Marriage, Civil Partnerships and Triratna (UK, 2010)On Sat, 16 July, 2016 - 00:32
In the UK the law has recently changed to allow marriages to be celebrated in a much greater range of places. Click here for a general introduction. The change in the law has prompted some debate within UK Triratna centres. While each Centre is free to decide its own approach, the following are some notes from Vajratara who discussed this issue with Sangharakshita. At the end is a fuller discussion of the current state of (UK) law and how it might apply to Triratna Buddhist Centres, by Munisha.
– Weddings: Bhante made the point that there is no such thing as a Buddhist wedding.
– In a Buddhist country, the couple usually visit the Temple after their wedding ceremony and reception in order to ask for a blessing from a monk. They do not bring the whole wedding party with them. Bhante suggested that we follow that example.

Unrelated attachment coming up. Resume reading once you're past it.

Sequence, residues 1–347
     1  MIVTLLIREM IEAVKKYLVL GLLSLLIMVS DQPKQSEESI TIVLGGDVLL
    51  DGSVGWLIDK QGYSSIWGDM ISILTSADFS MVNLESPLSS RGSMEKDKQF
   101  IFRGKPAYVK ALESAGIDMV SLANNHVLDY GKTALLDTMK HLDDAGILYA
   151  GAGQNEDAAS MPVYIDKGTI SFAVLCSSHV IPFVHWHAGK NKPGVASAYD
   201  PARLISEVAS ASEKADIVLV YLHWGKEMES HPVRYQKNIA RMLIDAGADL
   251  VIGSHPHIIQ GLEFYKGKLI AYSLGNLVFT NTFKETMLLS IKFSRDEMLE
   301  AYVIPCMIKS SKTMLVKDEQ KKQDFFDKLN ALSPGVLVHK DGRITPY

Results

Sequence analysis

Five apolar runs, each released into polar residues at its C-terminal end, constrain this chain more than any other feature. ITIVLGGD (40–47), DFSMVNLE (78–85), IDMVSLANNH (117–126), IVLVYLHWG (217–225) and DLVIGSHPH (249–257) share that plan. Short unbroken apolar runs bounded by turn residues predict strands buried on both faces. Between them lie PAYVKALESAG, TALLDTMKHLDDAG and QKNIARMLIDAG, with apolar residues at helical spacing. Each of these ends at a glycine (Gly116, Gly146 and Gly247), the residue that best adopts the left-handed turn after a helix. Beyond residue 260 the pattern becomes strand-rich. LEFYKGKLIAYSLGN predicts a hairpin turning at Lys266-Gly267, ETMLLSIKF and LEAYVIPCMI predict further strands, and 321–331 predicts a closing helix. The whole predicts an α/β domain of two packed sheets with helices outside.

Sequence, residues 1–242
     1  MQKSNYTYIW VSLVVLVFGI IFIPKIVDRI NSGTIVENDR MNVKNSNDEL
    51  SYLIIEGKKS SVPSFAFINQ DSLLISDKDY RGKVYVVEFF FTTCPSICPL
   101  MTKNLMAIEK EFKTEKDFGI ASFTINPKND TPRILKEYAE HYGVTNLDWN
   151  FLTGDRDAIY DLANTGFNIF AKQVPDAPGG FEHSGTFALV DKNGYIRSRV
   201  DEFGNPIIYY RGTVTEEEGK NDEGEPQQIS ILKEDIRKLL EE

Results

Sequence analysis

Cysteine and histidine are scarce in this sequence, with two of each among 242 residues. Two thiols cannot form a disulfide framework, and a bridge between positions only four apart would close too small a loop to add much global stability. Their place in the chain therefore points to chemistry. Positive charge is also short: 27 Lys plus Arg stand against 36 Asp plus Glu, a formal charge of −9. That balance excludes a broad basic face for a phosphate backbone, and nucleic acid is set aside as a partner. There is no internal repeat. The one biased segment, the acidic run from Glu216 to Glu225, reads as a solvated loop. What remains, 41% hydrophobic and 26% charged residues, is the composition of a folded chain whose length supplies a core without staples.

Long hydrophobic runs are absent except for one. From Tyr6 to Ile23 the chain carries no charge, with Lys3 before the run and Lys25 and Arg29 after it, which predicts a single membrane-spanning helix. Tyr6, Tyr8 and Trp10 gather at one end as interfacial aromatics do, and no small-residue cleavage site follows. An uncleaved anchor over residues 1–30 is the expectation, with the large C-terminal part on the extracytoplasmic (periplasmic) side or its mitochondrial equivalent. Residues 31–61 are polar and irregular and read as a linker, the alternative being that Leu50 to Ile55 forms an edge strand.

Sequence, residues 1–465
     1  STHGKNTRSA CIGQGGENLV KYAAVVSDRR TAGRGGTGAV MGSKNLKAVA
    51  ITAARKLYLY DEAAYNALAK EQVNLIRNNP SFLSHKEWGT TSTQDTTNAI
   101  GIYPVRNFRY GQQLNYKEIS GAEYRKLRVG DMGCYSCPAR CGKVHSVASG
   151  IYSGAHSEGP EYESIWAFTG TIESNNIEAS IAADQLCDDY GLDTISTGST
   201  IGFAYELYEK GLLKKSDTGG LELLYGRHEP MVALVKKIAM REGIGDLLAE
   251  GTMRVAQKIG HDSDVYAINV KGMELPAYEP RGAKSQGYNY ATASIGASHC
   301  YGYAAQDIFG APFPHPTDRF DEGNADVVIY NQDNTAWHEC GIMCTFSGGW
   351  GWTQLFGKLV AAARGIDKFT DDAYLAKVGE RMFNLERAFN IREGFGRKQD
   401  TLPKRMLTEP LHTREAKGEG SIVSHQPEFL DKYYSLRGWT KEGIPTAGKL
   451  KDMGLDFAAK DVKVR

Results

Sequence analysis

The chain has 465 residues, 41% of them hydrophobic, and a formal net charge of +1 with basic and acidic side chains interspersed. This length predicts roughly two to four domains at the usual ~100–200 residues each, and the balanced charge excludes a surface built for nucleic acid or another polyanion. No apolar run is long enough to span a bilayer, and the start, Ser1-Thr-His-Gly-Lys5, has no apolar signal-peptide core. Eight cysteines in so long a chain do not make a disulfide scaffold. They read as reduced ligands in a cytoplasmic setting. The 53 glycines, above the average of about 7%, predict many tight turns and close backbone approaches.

– If an Order Member or Mitra wanted to get married, the legal part of the ceremony and the reception could take place elsewhere, and the couple, with perhaps a few close friends and relatives, could visit the Buddhist Centre for a blessing.
– The blessing ceremony could be a puja with the three traditional offerings, blessings and a short talk by an Order Member exhorting the couple to live as Buddhists.
– Bhante emphasised that there should be no full scale wedding and reception at a Buddhist Centre, nor should an Order Member go to the wedding ceremony or reception to give a blessing as part of their celebrations (though they could go as a guest).
– The principle is that the reception and wedding itself should be kept entirely separate from the blessings so that in no way could the wedding be interpreted as a Buddhist wedding.
– Bhante was also keen that the couple should be reminded to keep the wedding as simple as possible and not spend a lot of money on the ceremony. Any anniversaries could be similarly marked with a party elsewhere and a blessing at the Buddhist Centre.
Attached you’ll find a fuller discussion of the current state of UK law and how it might apply to Triratna Buddhist Centres.